The Obama administration has given states incentives to adopt the Common Core and high-stakes teacher evaluations through its Race to the Top grant program and waivers from the No Child Left Behind law. Hawaii won a grant and waiver.

Amid growing criticism over high-stakes testing, U.S. Education Secretary Arne Duncan in August announced that states would be able to delay tying teacher evaluations to test scores.

“We encouraged states to move a whole lot of changes simultaneously, because of the enormous urgency to raise standards and improve systems of teacher support — not for another generation of students, but for today’s students,” Duncan wrote in an August blog post. “But in how this change happens, we need to listen carefully to the teachers, principals and other educators who are living it on a daily basis — and we need to be true to our promise to be tight on outcomes, but loose on how we get there.”

He added that “testing issues today are sucking the oxygen out of the room in a lot of schools” and that “too much testing can rob school buildings of joy, and cause unnecessary stress.” (Based on Smarter Balanced field testing, it takes students up to 41⁄2 hours for the language arts portion of the test and up to four hours for the math.)

States will be able to apply for the delay when seeking NCLB waiver renewals this spring, according to a U.S. Department of Education spokes­woman.

Matayoshi said if the state does seek a waiver to delay the linking of test scores and evaluations, the department would still be required to continue calculating student growth data for all teachers of tested grades and subjects and provide that information to teachers and principals to support improvement efforts.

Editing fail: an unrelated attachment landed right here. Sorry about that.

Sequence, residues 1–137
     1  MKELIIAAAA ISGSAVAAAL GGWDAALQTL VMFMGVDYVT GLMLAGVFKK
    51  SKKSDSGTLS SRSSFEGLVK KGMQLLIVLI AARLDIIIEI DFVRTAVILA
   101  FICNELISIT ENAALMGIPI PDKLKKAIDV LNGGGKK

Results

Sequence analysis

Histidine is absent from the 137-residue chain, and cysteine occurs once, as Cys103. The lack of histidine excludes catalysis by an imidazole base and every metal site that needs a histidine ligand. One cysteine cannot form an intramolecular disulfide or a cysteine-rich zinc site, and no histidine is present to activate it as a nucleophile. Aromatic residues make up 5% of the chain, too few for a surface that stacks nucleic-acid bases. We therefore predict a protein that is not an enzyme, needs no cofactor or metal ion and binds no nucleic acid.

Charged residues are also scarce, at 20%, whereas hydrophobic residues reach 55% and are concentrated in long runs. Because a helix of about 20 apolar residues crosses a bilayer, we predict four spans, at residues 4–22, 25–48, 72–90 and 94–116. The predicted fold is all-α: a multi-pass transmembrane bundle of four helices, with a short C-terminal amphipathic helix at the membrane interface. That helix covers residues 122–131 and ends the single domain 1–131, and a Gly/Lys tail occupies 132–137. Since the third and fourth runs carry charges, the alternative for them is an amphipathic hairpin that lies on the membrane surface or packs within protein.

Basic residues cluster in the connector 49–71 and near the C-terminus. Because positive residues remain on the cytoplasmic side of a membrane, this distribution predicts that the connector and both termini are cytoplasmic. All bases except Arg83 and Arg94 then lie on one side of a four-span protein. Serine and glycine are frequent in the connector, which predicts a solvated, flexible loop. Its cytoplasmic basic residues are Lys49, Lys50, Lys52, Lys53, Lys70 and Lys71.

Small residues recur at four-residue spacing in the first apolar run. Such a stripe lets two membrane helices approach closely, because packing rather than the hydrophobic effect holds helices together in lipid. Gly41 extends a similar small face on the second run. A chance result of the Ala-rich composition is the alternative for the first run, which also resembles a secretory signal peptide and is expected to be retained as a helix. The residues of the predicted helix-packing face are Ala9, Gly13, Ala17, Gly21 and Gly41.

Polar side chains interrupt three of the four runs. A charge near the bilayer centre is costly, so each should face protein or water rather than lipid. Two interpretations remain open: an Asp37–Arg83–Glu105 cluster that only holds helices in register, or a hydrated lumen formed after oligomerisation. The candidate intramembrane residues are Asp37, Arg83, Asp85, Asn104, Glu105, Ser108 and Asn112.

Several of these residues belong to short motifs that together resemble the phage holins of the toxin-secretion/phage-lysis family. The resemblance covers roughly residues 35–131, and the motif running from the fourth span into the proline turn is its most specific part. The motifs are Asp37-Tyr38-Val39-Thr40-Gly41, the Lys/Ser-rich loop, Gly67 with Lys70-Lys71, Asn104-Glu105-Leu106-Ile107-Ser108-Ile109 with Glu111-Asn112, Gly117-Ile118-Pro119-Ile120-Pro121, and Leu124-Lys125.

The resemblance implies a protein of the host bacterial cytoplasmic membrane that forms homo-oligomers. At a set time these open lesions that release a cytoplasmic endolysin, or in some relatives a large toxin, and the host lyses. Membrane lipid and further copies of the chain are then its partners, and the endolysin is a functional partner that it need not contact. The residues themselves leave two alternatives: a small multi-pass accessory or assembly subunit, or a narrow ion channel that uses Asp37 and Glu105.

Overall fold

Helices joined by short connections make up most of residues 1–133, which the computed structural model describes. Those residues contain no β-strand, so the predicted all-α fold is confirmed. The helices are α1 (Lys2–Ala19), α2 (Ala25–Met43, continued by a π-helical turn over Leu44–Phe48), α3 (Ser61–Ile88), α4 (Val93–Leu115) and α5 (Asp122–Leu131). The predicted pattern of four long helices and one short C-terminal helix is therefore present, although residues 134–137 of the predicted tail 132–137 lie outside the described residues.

If a waiver is approved, it would mean Smarter Balanced results wouldn’t be applied to teacher evaluations until the 2016-17 school year, after the second administration of the test, DOE spokes­woman Dona­lyn Dela Cruz said.

Lewis, with the HSTA, said teachers are still committed to helping craft an evaluation system that better measures a teacher’s effectiveness.

“Any test that you give a student is supposed to be snapshot that gives you a indication of where they are on their academic journey. And like any snapshot, sometimes it’s out of focus, sometimes someone blinks,” she said. “So then to say that a teacher’s employment and compensation should be tied to where the students are at any point in time, that’s a difficult proposition.”

Under teachers’ 2013-2017 labor contract, the state and teachers union agreed to annual performance-based evaluations. Lewis said the union isn’t backing down from that commitment.

“I get that people like to use test scores — it’s simple and easy — but if we’re talking about really measuring student learning, we have to have a more comprehensive way of looking at it. It’s not as simple as a number,” she said. “If all we care about is test scores, we’re never going to get the kind of education system everyone is craving.”

Mahalo for taking the time to respond to surveys and give your input.  Thank you to the teachers who volunteered to work on the HSTA EES Advisory Committee and the Joint Committee.